• Getting a grammar G such that s ∈ LG being LG the language generated
(or recognized) by the grammar G
• There are many types of grammars, the most used are the Phrase
Structure Grammars (PSG).
• G=<N, Σ, P, S>
• Set of N non terminal symbols
• Set of Σ terminal symbols
• Set of P productions or rules
• S ∈ N, axiom
NLP syntax_1
8
Syntax 6
• In the generative setting, w ∈ LG if s can be generated from the axiom
through a number of applications of productions of P.
S →* w
• In general productions in P are of the form
∀ α→β
∀ α, β ∈ (N ∪ Σ)*
• i.e. a rule can rewrite whatever chain of elements of
the vocabulary (N ∪ Σ) into another chain
• but can be constrained into the types of Chomsky
hierarchy:
•
•
•
•
NLP syntax_1
Type
Type
Type
Type
0
1
2
3
unrestricted
context sensitive
context free
regular
9
Syntax
Example of CFG
G1= <N1,T1,P1,SENTENCE>
N1 = {SENTENCE, NP, VP, RNP, PP}
T1 = {det,n,np,adj,vi,vt,prep}
P1 = {
1 SENTENCE --> NP VP.
2 NP
--> det n RNP.
3 NP
--> n RNP.
4 NP
--> np RNP.
5 RGN
--> ε.
6 RGN
--> PP RNP.
7 RGN
--> adj RNP.
8 VP
--> vi.
9 VP
--> vt NP.
10 PP
--> prep NP.
}
NLP syntax_1
10
Syntax
Parse tree
NLP syntax_1
11
Syntax 7
• For practical application in NLP possibilities reduce to
• Regular grammars (RG)
• Equivalent to Finite State Automata and regular expressions
• Parsed in quadratic time O(n2)
• Context free grammars (CFG)
•
•
•
•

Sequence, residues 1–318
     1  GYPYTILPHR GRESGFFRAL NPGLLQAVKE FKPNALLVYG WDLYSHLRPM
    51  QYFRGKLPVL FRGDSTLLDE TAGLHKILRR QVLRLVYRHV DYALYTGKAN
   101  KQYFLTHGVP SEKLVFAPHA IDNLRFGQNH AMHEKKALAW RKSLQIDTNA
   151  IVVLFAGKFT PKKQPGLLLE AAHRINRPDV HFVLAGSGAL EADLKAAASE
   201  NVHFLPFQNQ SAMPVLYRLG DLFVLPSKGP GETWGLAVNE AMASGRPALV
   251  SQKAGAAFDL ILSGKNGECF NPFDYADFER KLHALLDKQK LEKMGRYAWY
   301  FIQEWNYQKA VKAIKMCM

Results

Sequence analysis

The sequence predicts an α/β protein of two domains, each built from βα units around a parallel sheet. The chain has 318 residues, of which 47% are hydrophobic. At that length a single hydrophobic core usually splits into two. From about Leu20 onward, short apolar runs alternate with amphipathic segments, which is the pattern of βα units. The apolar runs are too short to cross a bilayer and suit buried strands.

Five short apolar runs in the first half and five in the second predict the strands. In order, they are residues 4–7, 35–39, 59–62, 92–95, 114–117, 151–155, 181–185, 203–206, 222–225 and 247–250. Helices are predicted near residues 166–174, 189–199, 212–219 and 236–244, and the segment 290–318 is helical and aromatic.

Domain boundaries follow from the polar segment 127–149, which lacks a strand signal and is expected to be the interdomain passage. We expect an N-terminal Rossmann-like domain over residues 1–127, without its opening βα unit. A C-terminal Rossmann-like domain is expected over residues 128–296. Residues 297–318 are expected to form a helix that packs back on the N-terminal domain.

Equivalent to push-down automata
Parsed in cubic time O(n3)
Important subclass: Deterministic CFG (LR grammars)
Always 2-normalizable (Chomsky Normal Form)
• Middly context sensitive grammars (see Laura Kallmeyer,
2011)
• Tree Adjoining Grammars (TAG)
• Linear Context Free Rewriting Systems (LCFRS)
• Multiple Context Free Grammars (MCFG)
• Alexander Clark, 2012
• Range Concatenation Grammars (RCG)
NLP syntax_1
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Syntax 8
• Lexicalized grammars
• Grammars such that all the rules contain at
least one terminal.
• The number of analysis of a string is finite
• CFG cannot be strongly lexicalized
• CFG can be lexicalized by TAGs
• TAGs are closed under strong lexicalization
• A CFG or a TAG has an strongly equivalent
lexicalized TAG (LTAG)
NLP syntax_1
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Syntax 9
• CFG
S
• A leaf non-terminal symbol
corresponding to the left-hand side of a
rule is replaced by the right-hand side.
• Middly context sensitive grammars
• Tree Adjoining Grammars (TAG)
• We can insert new trees somewhere
within the already derived tree, not only
at the leaves.
• Linear Context Free Rewriting Systems
(LCFRS)
• Non-terminals can span tuples of strings
and the productions specify how to
compute the span of the left hand side
non-terminals from the spans of the
right-hand side terminals.
• This leads to trees with crossing
branches.
• Can be learned from constituent or
dependency treebanks (Kallmeyer, 2011)
NLP syntax_1
γ1